Women Will Spearhead Kenya’s Constitutional Commitment to Equality

On this International Women’s Day 2012, allow me to start off by briefly discussing the dynamics of social change. Throughout history, it has always been the oppressed groups within any society that have been at the forefront of the struggle for equality. For instance, during the Civil Rights Movement, African American leaders were on the front lines of the struggle for social change because they knew first-hand what inequality and discrimination was all about. Within the human rights struggle in Kenya, the women’s movement has perhaps been a well organised and formidable force resulting in part to the promulgation of the Constitution in 2010. It is because of women’s own past experiences of prejudice and injustice that they continue to push for social change and reforms.

Equality is a difficult and deeply controversial ideal. At its most basic and abstract, equality is a moral idea that people who are similarly situated in relevant ways should be treated similarly. Therefore, in the context of the gender equality struggle, women and men must have full and equal enjoyment of all rights and freedoms which includes the right to equal opportunities in all areas of life. So, the struggle for ‘gender equality’ as we know is not only about women but rather about both the male and female genders. However the struggle for equality and equity between the two genders is led predominantly by women precisely because they have endured decades of prejudice and discrimination on the basis of their gender. Therefore women understand the importance of ‘equality’ both as a social ideal and more importantly as a legally binding requirement that is the hallmark of Kenya’s constitutional dawn.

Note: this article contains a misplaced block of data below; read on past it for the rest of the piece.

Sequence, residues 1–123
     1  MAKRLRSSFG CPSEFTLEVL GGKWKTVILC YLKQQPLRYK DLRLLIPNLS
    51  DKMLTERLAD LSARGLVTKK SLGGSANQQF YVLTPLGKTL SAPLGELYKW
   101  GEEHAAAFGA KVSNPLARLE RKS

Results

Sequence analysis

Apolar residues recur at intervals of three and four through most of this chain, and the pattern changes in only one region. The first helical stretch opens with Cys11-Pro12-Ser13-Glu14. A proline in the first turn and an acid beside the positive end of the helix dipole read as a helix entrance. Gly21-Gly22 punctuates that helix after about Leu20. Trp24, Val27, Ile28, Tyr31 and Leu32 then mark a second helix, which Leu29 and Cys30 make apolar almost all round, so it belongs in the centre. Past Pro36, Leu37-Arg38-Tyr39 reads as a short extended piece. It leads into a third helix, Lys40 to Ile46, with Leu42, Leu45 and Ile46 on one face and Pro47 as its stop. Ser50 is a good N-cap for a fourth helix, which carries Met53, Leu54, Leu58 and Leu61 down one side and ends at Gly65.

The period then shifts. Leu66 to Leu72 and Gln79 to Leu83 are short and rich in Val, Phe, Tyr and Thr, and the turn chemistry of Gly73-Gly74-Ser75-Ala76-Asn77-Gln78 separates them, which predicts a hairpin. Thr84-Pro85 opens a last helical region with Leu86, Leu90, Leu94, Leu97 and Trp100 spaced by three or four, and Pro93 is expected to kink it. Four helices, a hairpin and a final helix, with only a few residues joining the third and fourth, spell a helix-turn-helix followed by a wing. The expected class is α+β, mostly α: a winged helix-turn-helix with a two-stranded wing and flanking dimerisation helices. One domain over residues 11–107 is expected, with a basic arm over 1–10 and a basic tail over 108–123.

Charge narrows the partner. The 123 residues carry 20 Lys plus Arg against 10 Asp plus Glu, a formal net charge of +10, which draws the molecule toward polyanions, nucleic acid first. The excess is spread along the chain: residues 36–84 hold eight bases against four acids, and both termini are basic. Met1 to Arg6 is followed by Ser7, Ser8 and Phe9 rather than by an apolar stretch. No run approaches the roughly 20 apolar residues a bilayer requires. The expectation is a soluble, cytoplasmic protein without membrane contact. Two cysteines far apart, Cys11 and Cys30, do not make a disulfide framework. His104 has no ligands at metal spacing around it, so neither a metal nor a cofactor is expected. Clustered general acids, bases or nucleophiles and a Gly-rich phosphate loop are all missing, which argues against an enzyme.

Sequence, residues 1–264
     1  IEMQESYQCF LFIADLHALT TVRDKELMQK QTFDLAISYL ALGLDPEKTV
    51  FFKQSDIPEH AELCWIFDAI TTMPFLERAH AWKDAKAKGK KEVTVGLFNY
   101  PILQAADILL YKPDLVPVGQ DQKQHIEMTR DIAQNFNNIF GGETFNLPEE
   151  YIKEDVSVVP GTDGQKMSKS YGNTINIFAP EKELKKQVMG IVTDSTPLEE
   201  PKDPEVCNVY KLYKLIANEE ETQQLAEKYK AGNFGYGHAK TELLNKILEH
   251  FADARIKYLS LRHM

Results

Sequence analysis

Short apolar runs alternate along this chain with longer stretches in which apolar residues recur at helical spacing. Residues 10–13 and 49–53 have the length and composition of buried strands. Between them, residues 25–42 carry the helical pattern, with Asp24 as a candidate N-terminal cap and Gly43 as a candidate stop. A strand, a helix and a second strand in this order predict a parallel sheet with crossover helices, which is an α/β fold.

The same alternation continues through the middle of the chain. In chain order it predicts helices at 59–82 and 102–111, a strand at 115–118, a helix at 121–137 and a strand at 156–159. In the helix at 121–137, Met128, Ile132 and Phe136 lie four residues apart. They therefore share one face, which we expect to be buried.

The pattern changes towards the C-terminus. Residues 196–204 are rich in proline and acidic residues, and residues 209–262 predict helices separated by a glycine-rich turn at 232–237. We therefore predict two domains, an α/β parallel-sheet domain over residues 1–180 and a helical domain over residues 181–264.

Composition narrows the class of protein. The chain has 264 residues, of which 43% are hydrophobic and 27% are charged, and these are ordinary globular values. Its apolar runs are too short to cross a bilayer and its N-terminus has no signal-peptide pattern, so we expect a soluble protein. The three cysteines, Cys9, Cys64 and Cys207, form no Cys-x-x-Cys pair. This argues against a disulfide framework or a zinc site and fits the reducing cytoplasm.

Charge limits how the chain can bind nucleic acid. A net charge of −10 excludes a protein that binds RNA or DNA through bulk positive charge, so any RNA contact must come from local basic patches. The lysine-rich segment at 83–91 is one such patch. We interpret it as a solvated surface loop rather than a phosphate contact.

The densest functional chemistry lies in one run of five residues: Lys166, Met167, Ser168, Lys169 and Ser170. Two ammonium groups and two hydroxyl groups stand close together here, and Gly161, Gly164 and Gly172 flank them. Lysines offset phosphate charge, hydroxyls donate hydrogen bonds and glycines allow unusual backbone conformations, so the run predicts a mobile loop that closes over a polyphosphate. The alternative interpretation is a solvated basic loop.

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5 Questions on International Women’s Day

Here are the five questions:

1. Instead of asking whether Kenya is ready for a woman president or not, shouldnt we be asking what kind of woman presidential candidate do we want? Do we want Martha Karua? or perhaps do we prefer someone else?

2. Why havent any Kenyan female politicians come out openly to support the only female presidential candidate running? Is iCon
right in saying that women hate to see other women succeed?

3. Do other women have deep-seated questions about ‘Feminism’ or is it just DR Crew member, Davina?

4. Will there ever be a time in Kenya where we have a First Lady who is ambitious and driven enough to break the patriarchal
cycle of political dynasties by vying for public office in her own right a la Janet Museveni or Hillary Clinton?

5. When will Kenya finally come up with a way of formally recognising all the heroines of this country?
Isn’t Wangari Maathai proof enough that successful women in Kenya are not rewarded or recognised by their own government for their national and international accomplishments?

Any takers? Let’s talk.